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Are there operators that change the curvature of manifolds?

  1. Aug 14, 2009 #1

    BWV

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    Seen a couple of pieces on gauge theories of finance equating arbitrage opportunities to curvature, for this to work the curvature must therefore not be constant, instead it would be some sort of a function of capital flows
     
  2. jcsd
  3. Aug 14, 2009 #2
    Are the manifolds you're working with codify the time dimension? If the curvature is changing with respect to time, then so must your manifold. But the curvature should always be constant with respect to the manifold at any point in time.
     
  4. Aug 14, 2009 #3

    BWV

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    The curvature would change over time, but not be dependent on the time variable - other variables, perhaps stochastic, would determine the curvature
     
  5. Aug 14, 2009 #4
    My point is simply that if you're talking about gaussian curvature, it IS constant with respect to the manifold. If your curvature is changing, then so is your manifold.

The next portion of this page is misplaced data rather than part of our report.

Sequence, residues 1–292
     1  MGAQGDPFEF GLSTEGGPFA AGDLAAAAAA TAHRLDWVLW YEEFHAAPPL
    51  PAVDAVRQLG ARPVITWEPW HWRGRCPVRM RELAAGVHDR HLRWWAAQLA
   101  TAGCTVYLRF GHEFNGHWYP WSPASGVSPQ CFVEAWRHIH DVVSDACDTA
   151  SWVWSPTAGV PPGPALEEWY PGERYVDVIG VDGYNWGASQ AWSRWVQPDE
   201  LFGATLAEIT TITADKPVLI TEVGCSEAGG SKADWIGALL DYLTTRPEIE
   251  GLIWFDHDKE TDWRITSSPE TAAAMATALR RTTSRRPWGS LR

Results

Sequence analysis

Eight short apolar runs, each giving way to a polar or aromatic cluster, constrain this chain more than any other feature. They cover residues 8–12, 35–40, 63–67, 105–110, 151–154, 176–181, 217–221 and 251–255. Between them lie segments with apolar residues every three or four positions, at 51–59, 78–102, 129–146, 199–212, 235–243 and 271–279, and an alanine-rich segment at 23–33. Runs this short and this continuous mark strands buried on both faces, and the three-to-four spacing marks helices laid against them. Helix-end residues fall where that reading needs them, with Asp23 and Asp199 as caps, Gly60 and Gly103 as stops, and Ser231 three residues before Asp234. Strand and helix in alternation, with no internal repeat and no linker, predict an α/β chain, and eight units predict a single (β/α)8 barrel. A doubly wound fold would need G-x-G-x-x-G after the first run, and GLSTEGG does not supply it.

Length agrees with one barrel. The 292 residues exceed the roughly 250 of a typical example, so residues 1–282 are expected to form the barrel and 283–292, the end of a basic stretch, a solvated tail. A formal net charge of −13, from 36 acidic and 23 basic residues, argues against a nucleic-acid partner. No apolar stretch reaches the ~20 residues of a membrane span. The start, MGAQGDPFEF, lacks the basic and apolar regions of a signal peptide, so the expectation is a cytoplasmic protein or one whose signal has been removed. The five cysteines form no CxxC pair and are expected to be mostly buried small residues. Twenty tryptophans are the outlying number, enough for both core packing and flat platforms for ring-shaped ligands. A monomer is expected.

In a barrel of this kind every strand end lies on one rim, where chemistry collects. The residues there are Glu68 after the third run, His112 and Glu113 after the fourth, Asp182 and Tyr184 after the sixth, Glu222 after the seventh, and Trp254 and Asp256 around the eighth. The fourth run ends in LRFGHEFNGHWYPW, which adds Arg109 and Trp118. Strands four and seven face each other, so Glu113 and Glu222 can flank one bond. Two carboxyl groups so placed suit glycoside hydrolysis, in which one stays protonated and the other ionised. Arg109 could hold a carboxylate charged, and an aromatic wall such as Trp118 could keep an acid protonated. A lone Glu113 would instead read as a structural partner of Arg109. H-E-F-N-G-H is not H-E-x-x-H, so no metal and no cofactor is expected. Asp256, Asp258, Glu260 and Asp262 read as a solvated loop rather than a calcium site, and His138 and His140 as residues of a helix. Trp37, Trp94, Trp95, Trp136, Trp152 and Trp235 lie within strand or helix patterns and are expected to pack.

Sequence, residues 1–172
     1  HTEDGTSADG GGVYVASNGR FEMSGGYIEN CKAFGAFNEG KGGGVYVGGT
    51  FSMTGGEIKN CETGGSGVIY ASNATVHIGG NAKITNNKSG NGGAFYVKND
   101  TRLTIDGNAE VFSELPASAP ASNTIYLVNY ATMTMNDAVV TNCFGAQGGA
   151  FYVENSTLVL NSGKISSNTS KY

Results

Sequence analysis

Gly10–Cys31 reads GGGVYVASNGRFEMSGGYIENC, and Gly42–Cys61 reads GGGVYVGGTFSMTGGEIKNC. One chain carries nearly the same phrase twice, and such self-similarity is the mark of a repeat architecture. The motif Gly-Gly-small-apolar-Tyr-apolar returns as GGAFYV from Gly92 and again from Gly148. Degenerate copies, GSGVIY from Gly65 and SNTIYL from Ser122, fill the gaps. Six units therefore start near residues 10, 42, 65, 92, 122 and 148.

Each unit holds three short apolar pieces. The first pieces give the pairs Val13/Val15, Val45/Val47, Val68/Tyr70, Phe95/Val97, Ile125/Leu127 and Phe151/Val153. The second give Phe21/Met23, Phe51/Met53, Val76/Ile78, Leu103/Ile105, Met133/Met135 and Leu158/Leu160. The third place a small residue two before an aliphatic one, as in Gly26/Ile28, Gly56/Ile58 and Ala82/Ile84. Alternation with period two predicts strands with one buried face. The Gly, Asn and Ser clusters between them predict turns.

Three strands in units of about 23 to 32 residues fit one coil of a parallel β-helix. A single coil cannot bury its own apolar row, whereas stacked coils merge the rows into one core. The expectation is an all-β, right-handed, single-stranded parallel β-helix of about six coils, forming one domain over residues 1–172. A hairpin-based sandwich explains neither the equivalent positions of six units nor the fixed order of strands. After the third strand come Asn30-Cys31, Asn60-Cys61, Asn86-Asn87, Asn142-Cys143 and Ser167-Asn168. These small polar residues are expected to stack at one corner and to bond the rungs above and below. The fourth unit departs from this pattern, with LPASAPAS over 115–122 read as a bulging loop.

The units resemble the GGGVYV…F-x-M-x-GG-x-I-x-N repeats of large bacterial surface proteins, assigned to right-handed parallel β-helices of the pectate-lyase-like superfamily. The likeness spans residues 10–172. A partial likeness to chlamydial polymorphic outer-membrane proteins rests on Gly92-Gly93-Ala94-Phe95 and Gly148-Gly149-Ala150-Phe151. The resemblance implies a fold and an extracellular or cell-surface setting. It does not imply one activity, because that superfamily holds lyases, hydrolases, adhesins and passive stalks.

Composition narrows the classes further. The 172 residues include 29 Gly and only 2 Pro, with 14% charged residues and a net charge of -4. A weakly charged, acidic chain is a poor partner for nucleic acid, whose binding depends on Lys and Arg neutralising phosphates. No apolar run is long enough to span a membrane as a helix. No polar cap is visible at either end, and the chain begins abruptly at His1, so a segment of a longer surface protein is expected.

6. Aug 29, 2009 #5
    It is possible to imagine a manifold in which its geometry is changing in time - e.g. using a differential equation.
     
  7. Aug 31, 2009 #6
    But then you're not dealing with a constant manifold. You're dealing with a manifold-valued function. In such a case, all properties which depend on the manifold transitively depend on the time parameter as well.
     
  8. Aug 31, 2009 #7
    The Riemannian manifold is not constant but the differentiable manifold is.
     
  9. Aug 31, 2009 #8

    quasar987

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    I think that an example of such a D.E. is the famous Ricci flow, which plays an important role in the solution of the Poincaré conjecture by Perelman: http://en.wikipedia.org/wiki/Ricci_flow.
     
  10. Sep 2, 2009 #9
    A Riemannian metric is an easily perturbed object. The discussion above is semantics, of course (if we're talking about the curvature of a manifold, it's necessary Riemannian, and if we change the metric, it's a different Riemannian manifold). The only thing that has to be preserved is the integral of the curvature, if the manifold is compact. I imagine that any reasonable financial theory would assume this, however.
     
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